The second Dokdo class ship, Marado, which is undergoing builders trials now ahead of an expected commissioning date in 2020, has a slightly larger flight deck that can handle two V-22s simultaneously. It is worth noting that Marado also has a new Elbit fixed-panel 3D surveillance radar in place of the rotating Thales SMART 3D radar found on Dokdo.
Even with the larger flight deck, Marado's ability to support short takeoff and vertical landing capable fixed-wing combat jets appears to remain limited. There is no word on whether the deck, as well as other infrastructure on the ship, has received the kind of hardening to prevent the F-35B's powerful and extremely hot exhaust from damaging it, especially during vertical landings. Japan is also in the process of modifying its Izumo class ships to carry the B model Joint Strike Fighter, but also recently acknowledged that these it had designed these ships from the outset to support fixed-wing combat jets. This will help simplify the conversion process in that case.
Beyond the need for an expanded and reinforced flight deck, either one of the Dokdo class ships would also likely need additional modifications to ensure it meets other operational and logistics demands, including aviation fuel capacity and space to perform significant maintenance on the aircraft while underway. The U.S. Navy and Marine Corps are contending with similar issues as they develop "Lightning Carrier" concepts of operation for Wasp and America class ships, something The War Zone has examined in detail, even though these ships are substantially larger than the Dokdos.
So, if South Korea does intend to purchase the fleet of F-35Bs, it would almost demand the construction of a bigger ship, such as the LPH-II, to support them. An unnamed source told Defense News that South Korean officials are still exploring their options with regard the short takeoff and vertical landing variant of the Joint Strike Fighter. The South Korean Air Force has already taken the delivery of two conventional F-35As out of a planned total fleet of 60 aircraft.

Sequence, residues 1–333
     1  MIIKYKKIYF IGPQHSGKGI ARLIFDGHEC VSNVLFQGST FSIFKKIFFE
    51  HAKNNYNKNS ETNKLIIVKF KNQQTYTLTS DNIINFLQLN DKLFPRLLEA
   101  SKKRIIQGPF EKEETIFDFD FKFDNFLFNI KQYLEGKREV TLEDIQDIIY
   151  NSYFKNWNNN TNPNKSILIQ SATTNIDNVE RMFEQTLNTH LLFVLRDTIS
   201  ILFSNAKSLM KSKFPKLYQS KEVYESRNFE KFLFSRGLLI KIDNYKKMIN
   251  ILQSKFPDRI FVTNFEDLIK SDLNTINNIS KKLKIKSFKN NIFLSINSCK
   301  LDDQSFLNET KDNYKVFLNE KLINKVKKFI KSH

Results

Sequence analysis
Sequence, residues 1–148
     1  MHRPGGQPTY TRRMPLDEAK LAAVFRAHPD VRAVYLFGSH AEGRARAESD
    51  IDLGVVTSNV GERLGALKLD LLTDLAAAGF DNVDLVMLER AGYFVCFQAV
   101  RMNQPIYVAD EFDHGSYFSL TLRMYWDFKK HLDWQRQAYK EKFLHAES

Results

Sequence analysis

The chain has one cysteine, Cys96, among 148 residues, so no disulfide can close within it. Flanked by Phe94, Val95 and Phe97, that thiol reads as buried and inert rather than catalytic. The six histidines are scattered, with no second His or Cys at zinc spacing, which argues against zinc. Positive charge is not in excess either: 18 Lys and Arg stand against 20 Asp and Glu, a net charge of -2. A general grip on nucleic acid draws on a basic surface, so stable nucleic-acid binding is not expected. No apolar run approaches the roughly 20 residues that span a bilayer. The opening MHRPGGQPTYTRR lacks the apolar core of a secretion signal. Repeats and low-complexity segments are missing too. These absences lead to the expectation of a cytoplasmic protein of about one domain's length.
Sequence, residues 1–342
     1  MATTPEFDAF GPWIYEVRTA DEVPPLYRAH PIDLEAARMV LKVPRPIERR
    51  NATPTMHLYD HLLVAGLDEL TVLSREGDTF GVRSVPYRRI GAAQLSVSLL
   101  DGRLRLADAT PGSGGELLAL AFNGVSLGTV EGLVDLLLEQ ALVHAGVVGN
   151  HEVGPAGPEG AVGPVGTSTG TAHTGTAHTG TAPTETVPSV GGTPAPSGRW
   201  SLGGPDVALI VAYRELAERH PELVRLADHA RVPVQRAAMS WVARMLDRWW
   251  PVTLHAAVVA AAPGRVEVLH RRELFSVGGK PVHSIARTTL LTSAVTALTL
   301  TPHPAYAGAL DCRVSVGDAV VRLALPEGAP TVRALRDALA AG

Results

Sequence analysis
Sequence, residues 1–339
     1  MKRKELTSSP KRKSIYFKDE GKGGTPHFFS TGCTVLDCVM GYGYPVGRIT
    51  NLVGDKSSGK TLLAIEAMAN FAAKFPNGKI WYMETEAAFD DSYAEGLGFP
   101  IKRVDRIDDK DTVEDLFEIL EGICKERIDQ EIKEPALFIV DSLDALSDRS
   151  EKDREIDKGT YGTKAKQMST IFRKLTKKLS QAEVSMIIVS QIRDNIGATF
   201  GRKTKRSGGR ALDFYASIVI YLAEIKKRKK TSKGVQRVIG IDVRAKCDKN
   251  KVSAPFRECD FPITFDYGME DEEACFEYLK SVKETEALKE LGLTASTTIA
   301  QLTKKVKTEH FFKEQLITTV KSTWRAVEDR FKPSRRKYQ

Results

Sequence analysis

“A pilot study on the purchase of F-35Bs is being conducted by a state-funded research institute," Defense News' source said. "The study results are to be released as early as September."
The two options reportedly under consideration are the substitution of some portion of the existing F-35A order with F-35Bs or just buying 20 B models on top of the 60 A variants. South Korea would have few, if any alternatives avenues to acquire short takeoff and vertical landing capable combat jets if it were to decide against buying F-35Bs. The only other readily available option would be to investigate buying a portion of the U.S. Marine Corps' AV-8B Harrier fleet that will be slowly phased out over the coming decade.
Regardless of how exactly plans for the LPH-II and the F-35B purchase evolve, South Korea has a clear demand for a more robust carrier-like capability. Most pressingly, in any potential conflict with North Korea, South Korean airbases and commercial airports would be prime targets for North Korean ballistic missiles, as well as special operations forces. Runway independent combat jets such as the F-35B, able to operate from the deck of ships such as the LPH-II, as well as dispersed and austere sites on land, including highways and reinforced concrete strips, could be an essential part of any subsequent combat operations.